I have been writing for the past two years on multiple platforms and as I look back on last year’s accomplishments, I am extremely grateful that I started writing for Kuwait Times. I received in total 4,862 emails in 2015. The most discussed issues are related to the labor law, and although I have discussed various parts of it on multiple occasions via my writings, my advice was mainly focused on ending a work contract. I spoke about the common issues for termination indemnity and also about transferring work permits. Therefore, in this article I decided that I will discuss the other side of labor law and that I would start right from the beginning and write about entering into a work relationship. I have answered the most frequently asked questions about the common issues that arise below:
1) I started working on Nov 5 and today is the 25th of December, and I don’t want to continue with the company because I don’t think the place is right for me. My contract says my probation period is 90 days – does that mean that I can leave within those 90 days? And if I do, what consequences shall I deal with?
I would like to start answering this question by first explaining what a “probation period” is. “Probation period” is a period of time where both the employee and the employer can test each other out to see if they are “fit” for each other. The probation period under the “new” labor law is 100 days and not 90 days, but some companies unfortunately have not updated their contracts.
If you have signed on a contract that states that your probation period is 90 days, then that specific line in the contract is not “legal” or “valid” unless it is to the benefit of the employee. Let me make it more clear with scenarios.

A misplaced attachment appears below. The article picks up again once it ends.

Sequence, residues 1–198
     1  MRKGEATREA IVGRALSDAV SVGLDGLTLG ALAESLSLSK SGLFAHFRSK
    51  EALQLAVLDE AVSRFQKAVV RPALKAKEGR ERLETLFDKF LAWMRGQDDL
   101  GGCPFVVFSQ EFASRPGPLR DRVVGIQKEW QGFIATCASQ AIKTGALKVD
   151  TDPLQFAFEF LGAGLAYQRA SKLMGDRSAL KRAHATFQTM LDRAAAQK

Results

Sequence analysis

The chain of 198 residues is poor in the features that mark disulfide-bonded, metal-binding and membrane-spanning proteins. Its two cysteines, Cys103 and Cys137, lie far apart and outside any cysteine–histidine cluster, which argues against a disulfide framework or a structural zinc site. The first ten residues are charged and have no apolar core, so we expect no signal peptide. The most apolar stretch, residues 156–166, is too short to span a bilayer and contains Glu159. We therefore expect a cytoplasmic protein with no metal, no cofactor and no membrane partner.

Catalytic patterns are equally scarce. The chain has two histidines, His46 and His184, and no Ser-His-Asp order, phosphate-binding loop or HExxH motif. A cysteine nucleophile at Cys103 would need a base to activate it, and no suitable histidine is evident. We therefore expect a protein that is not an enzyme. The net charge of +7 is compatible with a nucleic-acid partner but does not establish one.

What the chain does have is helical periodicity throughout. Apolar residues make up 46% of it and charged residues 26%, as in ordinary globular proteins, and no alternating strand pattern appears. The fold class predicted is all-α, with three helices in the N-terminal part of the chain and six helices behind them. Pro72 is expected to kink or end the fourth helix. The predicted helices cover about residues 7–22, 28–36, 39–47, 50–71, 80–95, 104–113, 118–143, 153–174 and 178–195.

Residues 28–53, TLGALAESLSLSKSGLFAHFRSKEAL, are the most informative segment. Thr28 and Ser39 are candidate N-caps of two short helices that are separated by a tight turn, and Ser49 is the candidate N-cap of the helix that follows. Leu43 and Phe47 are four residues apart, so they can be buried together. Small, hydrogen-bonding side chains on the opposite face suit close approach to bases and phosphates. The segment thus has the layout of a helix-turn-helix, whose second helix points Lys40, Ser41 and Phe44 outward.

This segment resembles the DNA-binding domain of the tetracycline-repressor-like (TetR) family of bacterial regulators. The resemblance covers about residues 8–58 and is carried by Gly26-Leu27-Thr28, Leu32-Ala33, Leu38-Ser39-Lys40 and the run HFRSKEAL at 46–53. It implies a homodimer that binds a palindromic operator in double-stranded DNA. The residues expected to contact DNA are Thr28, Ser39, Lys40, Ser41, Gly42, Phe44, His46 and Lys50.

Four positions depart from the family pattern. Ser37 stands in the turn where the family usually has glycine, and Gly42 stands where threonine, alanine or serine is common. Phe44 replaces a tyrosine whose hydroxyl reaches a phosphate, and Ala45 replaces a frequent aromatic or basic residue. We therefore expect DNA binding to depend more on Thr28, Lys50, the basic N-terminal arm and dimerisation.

Scenario 1 – On the 91st day, if employee does not want to continue with the contract, then the employee can do so, because by law the probation period is for 100 days.
Scenario 2 – On the 91st day, the employer no longer wants the employee, and therefore ends the contract. The employer cannot do so because it does not benefit the employee.
According to the labor law, both the employer and employee can agree to terms that are different than the terms of Kuwait labor law, but only to the benefit of the employee. Now when it comes to consequences, one has to keep a few things in mind and be careful of visa regulations by making sure at all times that if you decide to leave, you cancel your visa.
2) When calculating the 100-day probation period, do we count only the business days or 100 days from the day employment starts including weekends?
Hundred days since the day you start including weekends.
3) I just started working for a company but they never gave me a contract to sign, just an offer letter. How do I know what my rights are? Is my work relationship still valid?
You can always prove that you have a valid working relationship with your employer regardless if you have a written contract or not. Any legal “work”, physical or mental, in return for “payment” in any form is considered an employment relationship. Any rights written in the offer letter shall be as binding as a contract would be, in the case that no contract exists. In the case that no offer letter exists or for rights not mentioned in the contract, an employee can prove that he or she is entitled to them as long as there is solid proof that these rights are on a regular basis.
For example, employee X received on a monthly basis KD 300 every month as an allowance for an apartment as well as KD 50 for transport. If the employee can prove that these payments are constant, then the employee is entitled to them even if they are not mentioned in the contract.
4) I just started working at a new company and although my contract states that my salary is KD 800, my work permit says my salary is KD 600. Is this common?
From my experience, this is very common. Is it right though? NO. Absolutely not. Fortunately, in the case of a labor dispute between the employee and the employer, the employee has the right to prove that his/her salary was not as written in the work permit and the court shall take that into account. This makes a huge difference when termination indemnity, leave balances and so on are calculated. The court shall take into account the last six months’ pay.
By Attorney Fajer Ahmed